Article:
Africa must ignore Western advice in order to survive
TO SURVIVE the devastating impact of the global financial crisis, African countries must learn a simple lesson they appear not to have heeded since the end of colonialisation and apartheid: do not listen to the advice of global institutions and leading Western nations. For that matter, do exactly what these Western nations do.
Western countries are bailing out banks and strategic industries with public money. They are once again lifting tariff barriers for products from African and developing countries. Yet they discourage African countries from doing the same.
Global financial institutions such as the World Bank and the International Monetary Fund, while instructing African and developing nations to pursue irrelevant, if not destructive, policies are silent when industrial nations implement the opposite. African countries must stay away from the World Bank and IMF. If it is absolutely necessary to borrow, do so judiciously.
The success of the East Asian developmental states since the Second World War has much to do with ignoring the advice of the World Bank, IMF and leading Western nations; and actually doing exactly what Western nations did to grow their economies.
African countries slavishly followed what they were told by Western and former Soviet bloc or Chinese communists.
Others followed the World Bank-IMF and Western nations' injunctions to privatise their state-owned companies.
Since independence, most African countries - while pursuing foreign investment - sold off state-owned assets cheaply, as suggested by Western nations and global financial institutions. They made it easy for global firms based in their countries to repatriate funds.
Supposedly to make it easy for foreign investors to do business in their countries, African governments waived minimum labour and environment standards and did not insist on minimum levels of skills transfer.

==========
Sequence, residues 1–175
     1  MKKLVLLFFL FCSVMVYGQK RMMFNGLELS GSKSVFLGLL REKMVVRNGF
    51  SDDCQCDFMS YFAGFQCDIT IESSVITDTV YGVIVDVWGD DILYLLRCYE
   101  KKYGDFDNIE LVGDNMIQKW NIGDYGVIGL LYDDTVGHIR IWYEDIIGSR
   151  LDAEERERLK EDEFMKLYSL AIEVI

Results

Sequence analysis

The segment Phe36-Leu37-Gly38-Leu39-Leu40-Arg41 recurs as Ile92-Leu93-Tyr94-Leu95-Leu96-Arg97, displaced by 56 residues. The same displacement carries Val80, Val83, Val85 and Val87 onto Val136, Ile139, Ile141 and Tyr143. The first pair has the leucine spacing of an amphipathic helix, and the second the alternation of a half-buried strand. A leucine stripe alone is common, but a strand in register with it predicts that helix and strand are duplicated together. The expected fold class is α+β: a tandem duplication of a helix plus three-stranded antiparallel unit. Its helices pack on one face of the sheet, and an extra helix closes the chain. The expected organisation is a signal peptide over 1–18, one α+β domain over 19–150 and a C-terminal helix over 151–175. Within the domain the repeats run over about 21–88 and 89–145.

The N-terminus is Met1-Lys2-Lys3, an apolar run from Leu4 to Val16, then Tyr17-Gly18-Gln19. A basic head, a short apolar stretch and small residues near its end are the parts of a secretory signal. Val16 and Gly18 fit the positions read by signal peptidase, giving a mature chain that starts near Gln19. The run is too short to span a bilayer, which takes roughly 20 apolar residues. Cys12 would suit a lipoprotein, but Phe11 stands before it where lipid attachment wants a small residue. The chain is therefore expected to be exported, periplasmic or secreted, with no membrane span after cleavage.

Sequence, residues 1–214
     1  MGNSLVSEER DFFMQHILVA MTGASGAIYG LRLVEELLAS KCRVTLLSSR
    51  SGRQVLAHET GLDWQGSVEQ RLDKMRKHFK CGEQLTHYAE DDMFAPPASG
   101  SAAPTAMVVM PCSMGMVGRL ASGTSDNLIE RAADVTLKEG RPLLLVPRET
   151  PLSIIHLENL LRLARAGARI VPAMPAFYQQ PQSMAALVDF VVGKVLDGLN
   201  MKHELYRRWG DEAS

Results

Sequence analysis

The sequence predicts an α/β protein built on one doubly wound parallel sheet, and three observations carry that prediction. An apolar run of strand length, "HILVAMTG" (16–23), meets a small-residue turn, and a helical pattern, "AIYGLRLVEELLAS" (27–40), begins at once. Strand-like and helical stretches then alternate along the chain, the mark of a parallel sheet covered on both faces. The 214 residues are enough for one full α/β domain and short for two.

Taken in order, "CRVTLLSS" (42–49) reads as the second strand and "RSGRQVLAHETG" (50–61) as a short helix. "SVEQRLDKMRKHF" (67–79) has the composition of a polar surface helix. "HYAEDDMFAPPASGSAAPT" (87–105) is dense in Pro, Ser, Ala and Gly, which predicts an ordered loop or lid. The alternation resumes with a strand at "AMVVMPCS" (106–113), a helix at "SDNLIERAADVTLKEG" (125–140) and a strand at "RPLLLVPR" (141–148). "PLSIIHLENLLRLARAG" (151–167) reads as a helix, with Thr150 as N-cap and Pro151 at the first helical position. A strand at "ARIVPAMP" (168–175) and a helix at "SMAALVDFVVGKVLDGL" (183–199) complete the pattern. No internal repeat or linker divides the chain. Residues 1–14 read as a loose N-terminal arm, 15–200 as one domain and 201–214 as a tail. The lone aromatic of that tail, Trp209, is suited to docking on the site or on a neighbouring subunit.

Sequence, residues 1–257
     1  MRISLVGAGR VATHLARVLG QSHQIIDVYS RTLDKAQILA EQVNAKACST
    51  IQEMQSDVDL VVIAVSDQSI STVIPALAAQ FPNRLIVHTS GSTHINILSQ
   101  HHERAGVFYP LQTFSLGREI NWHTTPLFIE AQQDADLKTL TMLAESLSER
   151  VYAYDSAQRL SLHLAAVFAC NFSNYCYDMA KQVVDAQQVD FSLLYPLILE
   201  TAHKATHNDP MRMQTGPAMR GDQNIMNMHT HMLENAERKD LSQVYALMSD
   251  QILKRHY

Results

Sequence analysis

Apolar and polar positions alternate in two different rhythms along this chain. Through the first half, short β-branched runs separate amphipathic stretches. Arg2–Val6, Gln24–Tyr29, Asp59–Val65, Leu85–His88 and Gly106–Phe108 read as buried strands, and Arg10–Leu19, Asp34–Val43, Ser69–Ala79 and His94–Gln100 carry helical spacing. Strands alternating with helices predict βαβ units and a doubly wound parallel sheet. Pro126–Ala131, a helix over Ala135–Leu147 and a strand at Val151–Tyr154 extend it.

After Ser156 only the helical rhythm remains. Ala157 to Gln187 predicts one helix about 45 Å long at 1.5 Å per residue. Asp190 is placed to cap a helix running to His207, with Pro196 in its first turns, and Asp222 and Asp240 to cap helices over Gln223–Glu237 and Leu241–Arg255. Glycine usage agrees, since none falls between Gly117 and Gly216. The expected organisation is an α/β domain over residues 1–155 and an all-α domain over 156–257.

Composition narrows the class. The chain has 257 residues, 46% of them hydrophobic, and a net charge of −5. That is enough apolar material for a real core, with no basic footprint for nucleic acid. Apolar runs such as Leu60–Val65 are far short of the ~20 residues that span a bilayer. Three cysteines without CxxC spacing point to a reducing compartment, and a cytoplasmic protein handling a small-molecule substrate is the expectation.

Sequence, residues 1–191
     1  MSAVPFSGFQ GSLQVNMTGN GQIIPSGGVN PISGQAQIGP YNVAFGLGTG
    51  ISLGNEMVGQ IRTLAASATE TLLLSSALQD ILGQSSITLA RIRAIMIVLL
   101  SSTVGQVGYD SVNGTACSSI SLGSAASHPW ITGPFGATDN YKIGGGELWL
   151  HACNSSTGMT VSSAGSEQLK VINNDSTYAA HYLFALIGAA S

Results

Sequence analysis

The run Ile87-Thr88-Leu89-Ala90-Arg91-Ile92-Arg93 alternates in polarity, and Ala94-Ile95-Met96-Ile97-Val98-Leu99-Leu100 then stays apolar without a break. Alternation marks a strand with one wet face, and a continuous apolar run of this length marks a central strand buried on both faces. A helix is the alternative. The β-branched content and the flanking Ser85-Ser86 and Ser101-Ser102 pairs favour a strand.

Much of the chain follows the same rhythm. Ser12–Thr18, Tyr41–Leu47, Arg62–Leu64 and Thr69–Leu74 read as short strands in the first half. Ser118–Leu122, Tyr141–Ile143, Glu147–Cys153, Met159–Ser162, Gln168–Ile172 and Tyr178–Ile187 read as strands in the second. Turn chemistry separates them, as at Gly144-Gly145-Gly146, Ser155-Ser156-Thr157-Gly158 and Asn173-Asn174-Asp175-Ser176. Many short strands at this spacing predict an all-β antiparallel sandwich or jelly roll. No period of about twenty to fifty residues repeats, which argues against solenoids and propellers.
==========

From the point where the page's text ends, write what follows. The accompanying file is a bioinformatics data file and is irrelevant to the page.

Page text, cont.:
Meanwhile, in South Korea, until the late 1980s, foreign investors were not allowed to have majority ownership in local companies, except in very restricted circumstances.
Foreign investors were compelled to transfer new technology and extend their international marketing contacts to local companies before being allowed to invest .
These African privatisations spawned corruption, as companies were sold off to cronies, ethnic buddies and foreign companies that bribed local officials.
In East Asia, developmental states set up developmental banks which financed the industrialisation of their countries by providing easy credit, loans and expertise to their growing industries.
East Asian developmental states identified sectors to be developed, and then build them up - rather than waiting for them to spontaneously develop. These governments used a combination of taxation, fiscal policy, research support, tariffs and judicious foreign borrowing to develop new industries.
At the same time, the import of products that could be manufactured at home and luxury consumption were heavily discouraged.
The global crisis has turned economic convention upside down. African countries must not be caught napping again: use the space opened by the global crisis to do exactly what Western nations are doing and what the East Asian developmental states are doing again.
They must pursue relevant industrial policies and make sure that those who manage the policies are the best talent available.
Furthermore, African governments must end corruption and act in the broadest public interest, rather than narrow factional or ethnic interests.
lGumede is the author of Thabo Mbeki and the Battle for the Soul of the ANC.